If this is a trope that we’d struggle with in a real life context, what do you think makes it a pleasurable reading choice?

Ingrid: Well, it’s a real emotional collision. Most of the time, historically, romance novels tended to be a sweeping love story followed by marriage and babies. Turning that on its head is interesting and weaves a really tangled web for these characters to land in. Just because I’d hate it in real life doesn’t mean it’s not fascinating on the page.

Erin: I never thought about it as turning the romance timeline on its head, but I like it. 

I wonder if it’s a little bit of wishful idealism combined with some relatively predictable (not necessarily in a bad way) inborn angst? If I accept Holly’s Second Chance Romance argument that people can come back together after years and be in a better place to be in a relationship with each other, then the idea that two people who once saw something in each other can come back together and not only repair their own relationship but also create a stable and happy family relationship is really hopeful. They have the tension of working through the prior misunderstanding or one night stand that separated them, and they also have the discomfort of trying to figure out how their new family situation is going to work, but the reader knows that it’s a romance, so it’s safer to be a fly on the wall during those tense periods because, unlike with other storytelling or real life where the HEA is not guaranteed, you know that it’ll be okay in the end and everyone will go home happy.

Holly: I have nothing to add to Erin and Ingrid’s very thoughtful responses.

What’s one book you loved that features this trope? What’s so great about this book and the way it handles the trope?

Erin: You know what? I’m going to say The Best Thing by Mariana Zapata. Lenny did try to contact Jonah, he was unreachable because he was having some personal problems, BUT he came back to find Lenny after he got himself sorted and before he knew they had a kid together. When he did find out, they worked at being great co-parents because he wanted to be a present dad, not because they needed to make themselves into a family in order to, like, do the right thing or whatever.

Holly: As the person who always recommends a bonkers historical romance when we talk tropes, Eloisa James’ Desperate Duchesses series includes a series-long subplot regarding an illegitimate child being raised by his father. It’s kind of a twist on the secret baby trope because the child’s parentage is a secret to the readers, not the parents, but its revelation to other characters drives the plot, especially in A Duke of Her Own.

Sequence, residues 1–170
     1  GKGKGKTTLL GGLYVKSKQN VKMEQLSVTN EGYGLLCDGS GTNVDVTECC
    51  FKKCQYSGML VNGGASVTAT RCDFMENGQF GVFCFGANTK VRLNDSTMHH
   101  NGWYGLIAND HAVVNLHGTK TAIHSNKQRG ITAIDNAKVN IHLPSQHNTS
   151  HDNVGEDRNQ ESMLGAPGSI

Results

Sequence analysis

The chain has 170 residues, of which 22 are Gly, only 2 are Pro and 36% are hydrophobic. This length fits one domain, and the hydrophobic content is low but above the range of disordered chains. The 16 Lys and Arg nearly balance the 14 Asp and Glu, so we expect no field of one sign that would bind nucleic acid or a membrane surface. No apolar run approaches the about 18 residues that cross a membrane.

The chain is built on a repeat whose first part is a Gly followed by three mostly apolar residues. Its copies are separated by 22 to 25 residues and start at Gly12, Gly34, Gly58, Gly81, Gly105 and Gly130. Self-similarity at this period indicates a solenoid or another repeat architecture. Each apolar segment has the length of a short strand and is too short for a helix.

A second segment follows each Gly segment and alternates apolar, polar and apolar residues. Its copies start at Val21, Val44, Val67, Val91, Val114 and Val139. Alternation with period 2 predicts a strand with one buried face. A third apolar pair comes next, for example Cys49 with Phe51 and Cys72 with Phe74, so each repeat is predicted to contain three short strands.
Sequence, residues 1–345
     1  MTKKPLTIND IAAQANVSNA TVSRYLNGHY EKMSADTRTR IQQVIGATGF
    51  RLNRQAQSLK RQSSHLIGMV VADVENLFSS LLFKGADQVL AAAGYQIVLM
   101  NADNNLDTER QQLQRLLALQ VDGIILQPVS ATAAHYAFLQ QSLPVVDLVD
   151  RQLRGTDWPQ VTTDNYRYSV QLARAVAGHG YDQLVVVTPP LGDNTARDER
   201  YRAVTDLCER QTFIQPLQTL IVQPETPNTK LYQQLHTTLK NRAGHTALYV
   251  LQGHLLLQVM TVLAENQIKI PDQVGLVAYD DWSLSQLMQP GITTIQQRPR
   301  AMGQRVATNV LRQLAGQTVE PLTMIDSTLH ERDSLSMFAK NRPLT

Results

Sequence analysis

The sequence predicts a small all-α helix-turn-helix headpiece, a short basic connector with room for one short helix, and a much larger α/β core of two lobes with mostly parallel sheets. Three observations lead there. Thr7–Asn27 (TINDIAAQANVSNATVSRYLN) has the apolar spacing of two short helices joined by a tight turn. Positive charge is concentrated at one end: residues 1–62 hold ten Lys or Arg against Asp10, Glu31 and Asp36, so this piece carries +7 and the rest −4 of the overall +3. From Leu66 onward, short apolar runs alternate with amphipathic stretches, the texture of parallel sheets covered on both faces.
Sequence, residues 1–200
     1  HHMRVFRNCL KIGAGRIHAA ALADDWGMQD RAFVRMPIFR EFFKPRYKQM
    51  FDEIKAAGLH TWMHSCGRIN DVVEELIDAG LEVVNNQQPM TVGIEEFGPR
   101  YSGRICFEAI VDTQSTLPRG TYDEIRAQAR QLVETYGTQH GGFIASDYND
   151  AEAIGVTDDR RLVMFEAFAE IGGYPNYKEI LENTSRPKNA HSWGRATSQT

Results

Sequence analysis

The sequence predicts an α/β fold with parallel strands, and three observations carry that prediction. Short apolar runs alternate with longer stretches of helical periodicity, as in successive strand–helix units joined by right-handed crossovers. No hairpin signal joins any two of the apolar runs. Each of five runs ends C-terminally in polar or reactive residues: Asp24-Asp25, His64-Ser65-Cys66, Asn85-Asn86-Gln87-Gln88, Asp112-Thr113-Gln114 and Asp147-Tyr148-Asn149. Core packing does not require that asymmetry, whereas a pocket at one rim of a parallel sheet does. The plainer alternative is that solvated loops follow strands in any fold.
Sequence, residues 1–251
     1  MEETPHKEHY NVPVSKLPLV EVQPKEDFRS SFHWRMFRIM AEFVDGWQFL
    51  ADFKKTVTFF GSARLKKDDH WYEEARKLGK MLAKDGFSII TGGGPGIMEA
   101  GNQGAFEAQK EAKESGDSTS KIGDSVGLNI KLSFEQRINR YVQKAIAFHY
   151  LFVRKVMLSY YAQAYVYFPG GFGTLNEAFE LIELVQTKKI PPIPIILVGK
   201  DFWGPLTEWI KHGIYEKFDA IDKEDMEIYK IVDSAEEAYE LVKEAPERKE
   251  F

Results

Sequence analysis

Not Quite Over You by Susan Mallery also does interesting things with the trope. In this case, Drew knew that Silver got pregnant; they had broken up by this point, so Silver said she’d “take care of it,” and that was the end of the conversation. Silver did give their daughter up for adoption, but what Drew doesn’t know is that Silver remained in contact with the adoptive family and therefore has a relationship with their daughter. Is this child a secret? Not exactly, but Drew is still blindsided by her continued existence in Silver’s life. 

Ingrid: So, I really didn’t think it at the time, but A Cowboy for Keeps by Laura Drake just stuck in my mind. It’s a secret baby—but the baby was kept a secret from their families. So the father’s brother and the sister’s sister end up having to figure out custody and parenting, there’s a HUGE wealth power dynamic going on…it’s a really interesting take on this trope.

Books we mentioned in this discussion:


Saturday Smutty Six: I’ll Feed You to Show You My Love

I mean…the name is in the title. No further explanation needed. These books are obviously delicious.

Just Like That by Cole McCade

Total “AWW” moment when grumpy and standoffish Fox leaves breakfast in the oven for Summer the morning after. If acts of caring are your love language, Fox totally delivers. 

Girl Gone Viral by Alisha Rai

Katrina shows she cares for all of her close people by feeding them, but Jas is special because she’s secretly been in love with him for years. Jas, who doesn’t even like breakfast but has also secretly been in love with Katrina for years, shows his love by eating her food every day, even though he doesn’t like it. 

Bidding for the Bachelor by Jackie Lau